The Birth and Longevity of the American Writers & Artists Institute: Plato had it Right

In 1996, a master copywriter needed to recruit a team of 100 copywriters for one of his clients. He couldn’t even find one.

In the Socratic dialogue, Republic, Plato writes (as translated), “Our need will be the real creator.”

So in 1996, when copywriting was still very much nascent, this copywriter and two of his protégés decided to create a guidebook in the hopes of building a pool of copywriters – for them as well as for others. 

It was then that Katie Yeakle entered the picture. Because of her background in publishing and project management, the three copywriters invited her to help map out the ultimate guide to writing great copy. 

“From day one,” Yeakle says, “the response to this little guidebook was incredible.” 

Still, they never intended for this single project to morph into a copywriter training school, but there were no other copywriting courses in the market, nor in higher education.

“Word got out as aspiring writers saw this was serious training that could change their lives in incredible ways.” 

That’s how the American Writers and Artists Institute, or AWAI, was born, and it has been helping people transition into successful copywriting careers since 1997. 

“We were the first to create a program that taught this lucrative form of writing – and introduced an entire generation to this ‘write from anywhere and get paid well’ lifestyle,” said Yeakle. 

As the copywriting industry grew, the arrival of the internet and digital marketing opened new opportunities for copywriters, including emails, websites, and search engine optimization. Social media brought another boom with companies needing copy, ads and video scripts. AWAI kept stride.

“We kept reaching out to more experts to bolster our flagship course and create new ones,” said Yeakle. “Over the years we became this ‘proxy’ for what you need to know and thrive as a professional copywriter at any point, with any market change.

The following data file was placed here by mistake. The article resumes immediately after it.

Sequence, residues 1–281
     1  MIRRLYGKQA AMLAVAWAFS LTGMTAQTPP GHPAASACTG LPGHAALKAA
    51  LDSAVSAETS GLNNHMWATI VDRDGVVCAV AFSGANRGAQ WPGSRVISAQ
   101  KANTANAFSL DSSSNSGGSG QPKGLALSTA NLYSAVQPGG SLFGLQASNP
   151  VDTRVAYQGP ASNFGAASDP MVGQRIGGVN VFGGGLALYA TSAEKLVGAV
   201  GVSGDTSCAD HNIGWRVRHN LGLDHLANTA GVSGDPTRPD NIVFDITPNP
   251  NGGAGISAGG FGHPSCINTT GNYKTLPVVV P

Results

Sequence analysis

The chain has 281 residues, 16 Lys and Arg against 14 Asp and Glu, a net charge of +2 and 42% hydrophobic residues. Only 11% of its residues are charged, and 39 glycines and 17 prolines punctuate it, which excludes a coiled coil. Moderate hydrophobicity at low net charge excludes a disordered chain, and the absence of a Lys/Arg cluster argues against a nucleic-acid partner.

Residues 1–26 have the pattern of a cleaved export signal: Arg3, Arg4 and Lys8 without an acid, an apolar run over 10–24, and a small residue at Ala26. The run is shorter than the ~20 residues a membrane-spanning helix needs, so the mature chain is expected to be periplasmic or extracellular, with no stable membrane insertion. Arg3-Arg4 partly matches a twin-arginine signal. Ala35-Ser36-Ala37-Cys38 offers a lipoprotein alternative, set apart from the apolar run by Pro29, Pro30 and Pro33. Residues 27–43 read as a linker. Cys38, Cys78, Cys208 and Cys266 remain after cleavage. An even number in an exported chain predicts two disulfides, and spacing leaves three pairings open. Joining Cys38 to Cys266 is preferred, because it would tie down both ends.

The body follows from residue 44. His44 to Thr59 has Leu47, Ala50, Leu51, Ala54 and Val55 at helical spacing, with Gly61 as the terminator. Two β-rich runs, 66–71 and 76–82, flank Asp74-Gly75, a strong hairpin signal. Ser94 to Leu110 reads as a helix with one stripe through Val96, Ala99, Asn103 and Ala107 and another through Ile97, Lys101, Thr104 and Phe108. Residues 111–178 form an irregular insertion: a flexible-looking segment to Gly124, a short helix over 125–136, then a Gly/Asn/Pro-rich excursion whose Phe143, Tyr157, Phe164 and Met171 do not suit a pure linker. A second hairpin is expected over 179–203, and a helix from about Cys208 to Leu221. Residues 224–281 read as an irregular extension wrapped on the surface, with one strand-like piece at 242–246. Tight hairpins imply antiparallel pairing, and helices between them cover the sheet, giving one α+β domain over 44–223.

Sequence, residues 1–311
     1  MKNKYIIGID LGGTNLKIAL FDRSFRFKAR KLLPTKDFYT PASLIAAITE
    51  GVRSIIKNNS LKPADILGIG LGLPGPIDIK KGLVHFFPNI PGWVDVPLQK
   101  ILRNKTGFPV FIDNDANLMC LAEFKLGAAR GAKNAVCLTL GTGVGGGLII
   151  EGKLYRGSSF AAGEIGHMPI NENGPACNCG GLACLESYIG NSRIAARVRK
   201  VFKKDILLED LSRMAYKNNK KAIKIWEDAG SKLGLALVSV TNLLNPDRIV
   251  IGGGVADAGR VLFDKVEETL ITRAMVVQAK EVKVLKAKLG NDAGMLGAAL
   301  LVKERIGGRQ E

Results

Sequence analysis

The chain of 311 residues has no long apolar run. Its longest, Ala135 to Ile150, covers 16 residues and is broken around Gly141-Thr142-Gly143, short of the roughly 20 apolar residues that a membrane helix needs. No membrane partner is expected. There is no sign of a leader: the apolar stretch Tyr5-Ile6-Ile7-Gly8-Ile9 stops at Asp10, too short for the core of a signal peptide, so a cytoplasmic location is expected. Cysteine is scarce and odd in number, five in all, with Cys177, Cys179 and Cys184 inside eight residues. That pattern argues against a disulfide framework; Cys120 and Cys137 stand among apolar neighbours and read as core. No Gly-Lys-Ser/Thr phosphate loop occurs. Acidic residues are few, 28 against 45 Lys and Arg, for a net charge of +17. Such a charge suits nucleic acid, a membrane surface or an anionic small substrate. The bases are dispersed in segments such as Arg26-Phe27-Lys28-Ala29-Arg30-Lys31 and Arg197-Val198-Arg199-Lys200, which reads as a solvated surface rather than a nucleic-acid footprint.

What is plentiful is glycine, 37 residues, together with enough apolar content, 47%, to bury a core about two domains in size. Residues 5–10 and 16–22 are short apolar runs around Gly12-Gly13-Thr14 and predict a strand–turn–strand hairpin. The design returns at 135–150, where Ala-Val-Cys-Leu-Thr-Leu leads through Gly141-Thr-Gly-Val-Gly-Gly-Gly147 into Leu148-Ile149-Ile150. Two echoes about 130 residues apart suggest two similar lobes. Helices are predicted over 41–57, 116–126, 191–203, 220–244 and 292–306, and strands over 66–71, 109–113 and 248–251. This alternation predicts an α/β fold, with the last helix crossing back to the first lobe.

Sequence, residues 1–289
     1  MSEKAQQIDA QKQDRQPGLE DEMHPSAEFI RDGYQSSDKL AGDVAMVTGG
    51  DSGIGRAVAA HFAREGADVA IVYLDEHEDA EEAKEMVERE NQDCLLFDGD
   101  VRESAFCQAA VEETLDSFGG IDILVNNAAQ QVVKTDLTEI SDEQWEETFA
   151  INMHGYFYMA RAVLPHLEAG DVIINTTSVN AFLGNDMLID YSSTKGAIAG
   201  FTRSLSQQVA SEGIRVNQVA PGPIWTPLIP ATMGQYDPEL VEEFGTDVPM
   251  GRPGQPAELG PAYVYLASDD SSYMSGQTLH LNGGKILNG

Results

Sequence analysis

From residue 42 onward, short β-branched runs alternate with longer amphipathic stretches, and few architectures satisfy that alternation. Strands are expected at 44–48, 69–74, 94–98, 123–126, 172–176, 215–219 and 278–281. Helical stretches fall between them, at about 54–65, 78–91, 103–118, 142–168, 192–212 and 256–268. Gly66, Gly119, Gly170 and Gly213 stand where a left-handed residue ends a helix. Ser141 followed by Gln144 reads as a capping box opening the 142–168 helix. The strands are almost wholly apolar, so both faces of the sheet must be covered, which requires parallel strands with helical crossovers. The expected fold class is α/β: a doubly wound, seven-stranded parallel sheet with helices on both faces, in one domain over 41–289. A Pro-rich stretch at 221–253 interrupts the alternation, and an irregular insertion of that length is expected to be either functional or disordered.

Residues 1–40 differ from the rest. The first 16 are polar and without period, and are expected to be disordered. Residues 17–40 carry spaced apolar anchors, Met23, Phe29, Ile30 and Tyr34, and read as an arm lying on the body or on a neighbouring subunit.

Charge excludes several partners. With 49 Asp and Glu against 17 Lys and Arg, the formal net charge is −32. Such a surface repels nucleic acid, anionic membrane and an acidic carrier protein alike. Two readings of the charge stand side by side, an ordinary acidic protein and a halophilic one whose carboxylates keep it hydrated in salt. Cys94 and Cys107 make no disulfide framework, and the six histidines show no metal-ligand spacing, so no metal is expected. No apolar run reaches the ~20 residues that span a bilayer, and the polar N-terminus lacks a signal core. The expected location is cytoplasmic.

“Companies need writers who can engage and connect with their customers in good economic times, as well as bad,” Yeakle said. 

Today AWAI offers over 100 training programs, from blogs to writing for vertical markets. It has approximately 40 employees, in addition to working with several freelance writers and project managers. Headquartered in Delray Beach, FL, Yeakle said they’ve always had a portion of their team working remotely, including executive leadership. 

“Since Covid, we’ve successfully gone fully remote,” she said. “We work hard at maintaining our culture of staying connected to each other and our managers are very good at the day-to-day management of their teams. It’s always been important that we help people create the lives and careers they want, living where they want while doing fulfilling work. That applies to our employees, as well.”

10 tips from 25 years

Yeakle offers the following tips to new entrepreneurs:

  1. Focus on what you’re good at and get help for what you’re not.
  2. Find a partner for trading ideas, tackling challenges and celebrating both those wins and losses. 
  3. Pay attention to the numbers; know your KPIs and include the profit you want to make as a line item in your budget.
  4. Fail quickly! If something’s not working, believe it. Learn the lessons and move on. 
  5. Recognize your star employees and give them plenty of encouragement and opportunity.
  6. You can’t do everything at once. Pick the top three goals each quarter that will move the chains and make a difference and keep your focus on them. The rest can wait.
  7. Care about your customers. Ask yourself every day, “how can I make their lives better?” and let that guide your decisions.
  8. Always be learning and reading.
  9. Create a culture that represents your values. 
  10. Learn the principles of copywriting! Even if you don’t write your company’s sales messaging, understanding the core fundamentals of persuasive writing will make you a stronger communicator in all aspects of your life. 

Add to that one of the evident takeaways from the AWAI story, founded in age-old Socratic wisdom: Create what you need.


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